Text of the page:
Pharma companies – prove you’re different and you’ll beat the competition

In a previous blog, I mentioned a Coco Chanel quote from Tom Poland’s book, Leadsology: The Science of Being in Demand. The quote is: “In order to be indispensable, one must be different.”

I used it to talk about general practice and how thinking differently is really the only way round the workload and recruitment problems they face.

But how does it apply to Pharma, MedTech and Devices companies? How can you turn up to a meeting with your drugs and instruments and quickly show the people you are pitching to that what you are offering is truly different and innovative – rather than the same old thing they’ve seen before?

The NHS can’t tell you and your rivals apart

Tom’s book goes on to say that if your ideal clients perceive that the service you offer is traditional as opposed to transformational, you’re going to have a hard time generating enquiries.

And I think that’s often the issue with the pharmaceutical, med tech and device industries. People pitch with their projects and their technology and their budget impact models and it becomes impossible for the client to differentiate one from the other.

The solution starts with fundamentally understanding the problem you are going to solve and being able to articulate it to differentiate yourself from all the other noise in that market space.

My regular readers will know that I advocate strongly against leading with the product you’re trying to sell. Go in there and start talking to them about the product and you’re dead in the water. Why? Because – particularly in fields such as medicines management and medicines optimisation – they should already know what your product is, what it does and how it works.

It won’t always come down to being cheaper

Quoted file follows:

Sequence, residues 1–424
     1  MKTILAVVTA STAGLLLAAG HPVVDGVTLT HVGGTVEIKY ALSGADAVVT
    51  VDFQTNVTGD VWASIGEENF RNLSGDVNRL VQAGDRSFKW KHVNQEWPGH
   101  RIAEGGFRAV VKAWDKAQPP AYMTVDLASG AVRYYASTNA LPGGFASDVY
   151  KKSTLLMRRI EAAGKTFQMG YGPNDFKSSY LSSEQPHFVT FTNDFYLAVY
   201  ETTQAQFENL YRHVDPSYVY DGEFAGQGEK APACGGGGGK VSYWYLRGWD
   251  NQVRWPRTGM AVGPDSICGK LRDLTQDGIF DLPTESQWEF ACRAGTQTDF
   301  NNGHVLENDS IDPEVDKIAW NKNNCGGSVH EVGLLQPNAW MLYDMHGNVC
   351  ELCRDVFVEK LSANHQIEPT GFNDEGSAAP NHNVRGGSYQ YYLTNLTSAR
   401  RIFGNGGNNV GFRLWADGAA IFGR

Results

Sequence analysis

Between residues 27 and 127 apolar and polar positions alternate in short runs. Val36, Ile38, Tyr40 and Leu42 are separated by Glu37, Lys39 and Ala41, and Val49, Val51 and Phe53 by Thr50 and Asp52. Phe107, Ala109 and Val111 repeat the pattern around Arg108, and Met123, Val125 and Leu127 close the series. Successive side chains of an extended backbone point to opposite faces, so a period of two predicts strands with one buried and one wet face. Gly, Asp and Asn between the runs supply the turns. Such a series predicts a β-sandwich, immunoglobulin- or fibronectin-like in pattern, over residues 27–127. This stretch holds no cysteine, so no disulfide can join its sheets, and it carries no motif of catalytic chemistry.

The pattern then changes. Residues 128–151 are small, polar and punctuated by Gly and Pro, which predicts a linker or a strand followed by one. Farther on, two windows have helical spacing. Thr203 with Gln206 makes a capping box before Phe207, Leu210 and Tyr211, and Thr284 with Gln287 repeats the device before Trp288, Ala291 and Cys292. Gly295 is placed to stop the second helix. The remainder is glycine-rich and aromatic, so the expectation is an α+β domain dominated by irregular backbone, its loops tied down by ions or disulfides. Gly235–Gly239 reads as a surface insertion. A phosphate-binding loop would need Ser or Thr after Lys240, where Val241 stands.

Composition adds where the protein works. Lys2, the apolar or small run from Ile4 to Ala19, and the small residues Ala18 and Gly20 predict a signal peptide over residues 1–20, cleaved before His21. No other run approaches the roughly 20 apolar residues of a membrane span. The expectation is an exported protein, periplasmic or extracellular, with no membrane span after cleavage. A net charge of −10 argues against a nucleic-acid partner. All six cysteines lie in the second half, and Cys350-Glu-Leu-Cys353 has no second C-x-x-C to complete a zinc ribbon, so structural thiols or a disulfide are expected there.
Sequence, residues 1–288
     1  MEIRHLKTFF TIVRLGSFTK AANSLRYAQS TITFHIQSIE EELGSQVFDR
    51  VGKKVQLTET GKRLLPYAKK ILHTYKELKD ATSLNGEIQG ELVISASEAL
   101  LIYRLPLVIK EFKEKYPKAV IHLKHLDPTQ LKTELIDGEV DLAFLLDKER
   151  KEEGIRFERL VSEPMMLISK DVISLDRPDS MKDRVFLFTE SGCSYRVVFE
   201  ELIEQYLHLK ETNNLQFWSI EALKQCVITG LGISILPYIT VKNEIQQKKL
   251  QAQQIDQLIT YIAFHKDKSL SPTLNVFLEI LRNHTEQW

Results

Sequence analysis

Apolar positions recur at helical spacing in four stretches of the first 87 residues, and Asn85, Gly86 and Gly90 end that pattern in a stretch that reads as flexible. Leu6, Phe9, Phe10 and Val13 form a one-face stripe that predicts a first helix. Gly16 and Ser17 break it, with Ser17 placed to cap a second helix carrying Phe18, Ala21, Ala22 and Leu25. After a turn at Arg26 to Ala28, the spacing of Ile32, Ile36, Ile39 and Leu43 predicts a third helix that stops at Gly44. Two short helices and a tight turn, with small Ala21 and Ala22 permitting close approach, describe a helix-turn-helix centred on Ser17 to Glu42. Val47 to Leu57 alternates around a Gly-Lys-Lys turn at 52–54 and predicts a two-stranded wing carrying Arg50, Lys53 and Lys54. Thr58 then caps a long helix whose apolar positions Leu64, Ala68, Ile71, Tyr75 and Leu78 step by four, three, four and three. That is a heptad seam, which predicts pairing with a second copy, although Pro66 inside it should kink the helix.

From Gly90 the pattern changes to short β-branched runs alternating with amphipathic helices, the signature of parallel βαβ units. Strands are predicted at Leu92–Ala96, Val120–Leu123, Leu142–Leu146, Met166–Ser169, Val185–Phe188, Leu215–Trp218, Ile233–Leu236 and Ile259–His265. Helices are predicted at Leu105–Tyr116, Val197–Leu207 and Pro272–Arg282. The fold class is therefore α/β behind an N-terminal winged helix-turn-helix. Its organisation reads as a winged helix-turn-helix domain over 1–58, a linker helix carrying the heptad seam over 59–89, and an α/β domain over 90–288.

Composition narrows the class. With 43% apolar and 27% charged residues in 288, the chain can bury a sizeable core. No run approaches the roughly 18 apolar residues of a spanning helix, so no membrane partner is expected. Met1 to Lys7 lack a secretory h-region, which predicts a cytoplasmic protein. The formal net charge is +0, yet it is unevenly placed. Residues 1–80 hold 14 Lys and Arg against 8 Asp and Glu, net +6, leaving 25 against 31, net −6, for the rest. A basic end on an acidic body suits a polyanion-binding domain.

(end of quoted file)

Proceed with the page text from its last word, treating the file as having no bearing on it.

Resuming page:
You need to go in, lay out the background to your project and be able to pitch to them why it exists. Explain what the problem is that you are going to fix for the NHS. And that ties into knowing the agenda you’re going to engage with.

You need to differentiate yourself from your competitors. These people are pitching to the same customers – if you’re working in the drugs field, there’ll be five other people who are doing something very similar to you.

You are going to have to be able to show that your product is better than theirs – why should the NHS work with you rather than them? It absolutely will not always come down to price.

So you can have a very clinical pitch or you can actually start to talk to them about working with you and what the result of that work might be. Will it improve patient outcomes, which in turn then leads to a reduction in unnecessary appointments and referrals? Will it bring down non-elective hospital admissions? That’s absolutely key given that we’re heading into a time of year where we would normally be thinking about winter pressure but in fact we’re already there. We’ve been in the winter pressure zone right the way through this year because the volume of patients hitting the NHS is well above what it would have been pre-pandemic.

Flu and Covid are piling extra pressure on